The Eskom board failed patently in its duties by reinstating Brian Molefe as CEO, former finance minister Trevor Manuel has argued.
Addressing delegates at the Ethics Institute’s 7th Annual Conference, Manuel pulled no punches in questioning the conduct of the Eskom board, the pension fund, the minister of public enterprises Lynne Brown and Molefe himself regarding the matter.
After he was implicated in the public protector’s “State Capture” report, Molefe voluntarily stepped down as Eskom CEO in November 2016, arguing that it was in the interest of good governance.
Brown previously blocked a R30m pension payout to Molefe and instructed the Eskom board to come up with an appropriate pension proposal, but in an about-turn on Friday she announced that Molefe would return to head up the power utility as the pension payout would not be in the best interest of the fiscus.
Manuel said the Eskom Conversion Act, a piece of legislation passed in 2002, set a number of tasks in law. Among those were that the board was “responsible for providing strategic direction and leadership, ensuring good corporate governance and ethics, determining policy [and]agreeing on performance criteria”.
Nowhere did any other piece of legislation governing corporations — not even the Companies Act — go into the same level of detail about leadership and ethics. The board, headed by chairman Ben Ngubane, was also the accounting officer in law, he said.
“When the board fails as patently as it does in this instance, who then takes responsibility?”
He said the board almost certainly had a committee that dealt with social, environmental and ethical issues. In terms of the King IV code on corporate governance, the committee had the final responsibilities in law. “Where is the committee?”
Referring to the previously proposed pension payout of R30m, Manuel said all pension funds were governed by the rules of the fund and established in terms of legislation. In each case, the value of a pension was determined by the rules and generally complied with either a defined benefit or defined contribution system. The rules also ensured that each member of the fund had an equi-determined entitlement to the share of the fund.
“Depending on your contribution, which is matched by the employer’s contribution, you can then determine before you leave what your entitlement is.”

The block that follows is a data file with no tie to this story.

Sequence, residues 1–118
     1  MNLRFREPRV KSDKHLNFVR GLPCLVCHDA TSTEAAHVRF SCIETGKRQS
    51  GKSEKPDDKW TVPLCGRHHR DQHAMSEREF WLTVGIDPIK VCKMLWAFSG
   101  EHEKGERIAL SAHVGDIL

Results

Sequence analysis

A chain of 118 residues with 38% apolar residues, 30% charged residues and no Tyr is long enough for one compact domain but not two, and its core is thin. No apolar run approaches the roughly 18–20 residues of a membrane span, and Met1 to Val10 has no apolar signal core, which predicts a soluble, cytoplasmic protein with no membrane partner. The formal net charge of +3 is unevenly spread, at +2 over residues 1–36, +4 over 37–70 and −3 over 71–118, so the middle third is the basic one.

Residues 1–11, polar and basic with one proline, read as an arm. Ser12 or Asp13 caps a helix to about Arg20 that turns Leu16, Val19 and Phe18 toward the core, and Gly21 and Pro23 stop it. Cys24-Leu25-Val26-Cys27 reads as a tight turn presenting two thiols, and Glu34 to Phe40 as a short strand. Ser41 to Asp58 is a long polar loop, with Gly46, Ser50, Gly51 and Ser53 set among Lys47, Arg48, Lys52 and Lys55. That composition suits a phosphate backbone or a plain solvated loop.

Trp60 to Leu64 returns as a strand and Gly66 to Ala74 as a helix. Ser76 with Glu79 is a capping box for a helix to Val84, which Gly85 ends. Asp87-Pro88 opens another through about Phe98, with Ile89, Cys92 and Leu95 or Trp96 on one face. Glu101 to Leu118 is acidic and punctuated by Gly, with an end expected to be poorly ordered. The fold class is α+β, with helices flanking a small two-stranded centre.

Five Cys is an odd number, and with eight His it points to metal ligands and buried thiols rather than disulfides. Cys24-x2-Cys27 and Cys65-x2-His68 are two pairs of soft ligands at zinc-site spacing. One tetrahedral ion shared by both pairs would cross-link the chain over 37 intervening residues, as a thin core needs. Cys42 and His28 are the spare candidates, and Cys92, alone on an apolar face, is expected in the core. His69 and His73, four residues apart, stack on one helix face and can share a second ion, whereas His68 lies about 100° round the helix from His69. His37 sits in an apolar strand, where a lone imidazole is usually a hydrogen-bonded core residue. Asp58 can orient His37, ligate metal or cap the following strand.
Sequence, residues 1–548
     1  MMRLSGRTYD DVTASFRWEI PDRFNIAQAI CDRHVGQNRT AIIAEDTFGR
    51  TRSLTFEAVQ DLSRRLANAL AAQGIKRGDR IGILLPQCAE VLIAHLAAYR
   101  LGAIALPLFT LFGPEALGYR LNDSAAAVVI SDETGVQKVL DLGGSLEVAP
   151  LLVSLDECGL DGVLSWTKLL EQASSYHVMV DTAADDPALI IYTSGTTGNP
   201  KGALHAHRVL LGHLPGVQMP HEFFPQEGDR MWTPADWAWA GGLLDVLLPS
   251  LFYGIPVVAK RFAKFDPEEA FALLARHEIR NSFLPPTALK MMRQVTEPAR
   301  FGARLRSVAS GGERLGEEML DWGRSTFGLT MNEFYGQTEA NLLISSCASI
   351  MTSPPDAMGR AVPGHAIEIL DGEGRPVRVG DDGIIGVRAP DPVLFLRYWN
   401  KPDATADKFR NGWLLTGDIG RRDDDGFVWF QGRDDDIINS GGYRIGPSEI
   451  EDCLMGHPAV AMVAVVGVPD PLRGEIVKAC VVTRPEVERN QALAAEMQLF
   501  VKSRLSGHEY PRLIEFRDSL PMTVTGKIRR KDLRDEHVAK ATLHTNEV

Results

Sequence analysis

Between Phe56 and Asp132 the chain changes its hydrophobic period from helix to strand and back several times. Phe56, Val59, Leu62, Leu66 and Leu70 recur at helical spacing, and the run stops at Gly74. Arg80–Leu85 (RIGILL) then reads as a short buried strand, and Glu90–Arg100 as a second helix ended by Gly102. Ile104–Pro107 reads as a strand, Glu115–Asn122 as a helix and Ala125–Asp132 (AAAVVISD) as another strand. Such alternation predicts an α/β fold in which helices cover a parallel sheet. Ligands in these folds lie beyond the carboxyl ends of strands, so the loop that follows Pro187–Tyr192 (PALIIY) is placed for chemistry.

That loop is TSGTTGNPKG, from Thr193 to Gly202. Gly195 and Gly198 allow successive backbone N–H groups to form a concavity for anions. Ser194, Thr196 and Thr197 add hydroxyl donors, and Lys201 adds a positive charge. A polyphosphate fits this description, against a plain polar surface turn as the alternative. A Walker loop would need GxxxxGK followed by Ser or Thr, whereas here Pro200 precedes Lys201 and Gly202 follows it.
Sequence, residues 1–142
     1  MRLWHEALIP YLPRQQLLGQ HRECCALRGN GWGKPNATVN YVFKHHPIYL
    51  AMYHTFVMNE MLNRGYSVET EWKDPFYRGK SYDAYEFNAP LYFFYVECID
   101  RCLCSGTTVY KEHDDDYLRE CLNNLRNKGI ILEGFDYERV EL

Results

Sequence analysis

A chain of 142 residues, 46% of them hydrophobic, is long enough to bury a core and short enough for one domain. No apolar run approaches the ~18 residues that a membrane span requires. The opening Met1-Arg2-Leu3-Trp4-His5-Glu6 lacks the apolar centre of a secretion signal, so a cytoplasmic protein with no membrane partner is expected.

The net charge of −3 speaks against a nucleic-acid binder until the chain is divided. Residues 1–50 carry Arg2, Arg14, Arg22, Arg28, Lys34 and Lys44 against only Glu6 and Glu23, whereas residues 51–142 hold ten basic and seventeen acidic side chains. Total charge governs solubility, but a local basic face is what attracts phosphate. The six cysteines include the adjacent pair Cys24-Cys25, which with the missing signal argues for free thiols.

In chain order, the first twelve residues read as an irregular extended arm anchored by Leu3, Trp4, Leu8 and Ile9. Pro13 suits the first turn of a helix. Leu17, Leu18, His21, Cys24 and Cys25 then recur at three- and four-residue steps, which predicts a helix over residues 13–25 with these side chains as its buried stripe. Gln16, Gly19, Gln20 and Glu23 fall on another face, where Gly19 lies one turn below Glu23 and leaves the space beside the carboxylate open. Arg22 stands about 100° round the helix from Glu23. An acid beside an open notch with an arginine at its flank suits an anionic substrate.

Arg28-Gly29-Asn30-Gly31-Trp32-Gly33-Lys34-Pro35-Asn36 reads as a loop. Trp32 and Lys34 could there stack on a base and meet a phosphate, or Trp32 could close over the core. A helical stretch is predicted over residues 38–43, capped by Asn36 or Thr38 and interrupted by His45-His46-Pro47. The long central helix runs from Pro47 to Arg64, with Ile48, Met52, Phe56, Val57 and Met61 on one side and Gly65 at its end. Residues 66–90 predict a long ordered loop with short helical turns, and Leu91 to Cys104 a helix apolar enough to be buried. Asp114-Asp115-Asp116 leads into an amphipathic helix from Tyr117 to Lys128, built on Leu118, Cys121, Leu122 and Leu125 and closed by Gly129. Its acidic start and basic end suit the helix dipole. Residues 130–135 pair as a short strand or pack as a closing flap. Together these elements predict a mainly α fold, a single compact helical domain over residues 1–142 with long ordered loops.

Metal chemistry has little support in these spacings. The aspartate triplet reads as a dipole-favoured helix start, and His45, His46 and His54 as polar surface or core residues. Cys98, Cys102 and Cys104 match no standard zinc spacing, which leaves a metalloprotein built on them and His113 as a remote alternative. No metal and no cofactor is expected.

Manuel said even if Molefe’s term as Eskom CEO was generously stretched to 20 months to account for the fact that he only officially left on 1 January 2017, there was “absolutely no way” that the combination of his contribution, the employer contribution and the growth in the fund could have produced R30m.
One had to ask whether, by applying the same rules, Eskom could set a pension payout for longstanding workers, who might have contributed to the fund for their entire working life, by a similar multiple of earnings. The oversight vested with the Eskom pension fund and the law was clear: the pension fund had to be made up of employer and worker representatives in equal numbers.
“Where is the pension fund in overseeing the way in which determinations are set?”
Manuel said Molefe took an oath when he was sworn in as an MP to obey, respect and uphold the constitution and all other laws of the republic. The same constitution Molefe swore allegiance to created chapter 9 institutions including the public protector, Manuel said.
Former public protector Thuli Madonsela, in her “State Capture” report, called for a judicial commission of inquiry into the allegations.
“If he respects and upholds the constitution, why does he undermine the recommendations from its public protector? These are fundamentally important questions.”
Manuel said he shared a platform with Brown during the World Economic Forum on Africa in Durban on 4 May and, like him, she supported the recommendation of the public protector that a judicial commission into state capture should be established.
“I can’t understand what happened between that public commitment made on 4 May and her agreeing to the reappointment of Brian Molefe and declaring his innocence on  May. What happened in a week?”
Manuel said the conduct of people appointed to lead institutions such as Eskom spoke to the nature of the ethical challenges facing South Africa.
He said he knew Molefe, Brown and Ngubane for a long time and when he looked at their conduct in relation to the matter, he was compelled to ask the “Psych 101” question: were the individuals natured or nurtured to conduct themselves outside the norms, morals and ethics of society?
“What happened? What went wrong in their brains? Why do they not see that they act outside of these things? Were they born this way or did something happen? In the case of Lynne Brown, certainly between 4 May and 11 May, what happened? What nurturing happened that compelled her to act in the way that she did and why did she not notice that she was doing something wrong?”
- This article was originally published on Moneyweb and is used here with permission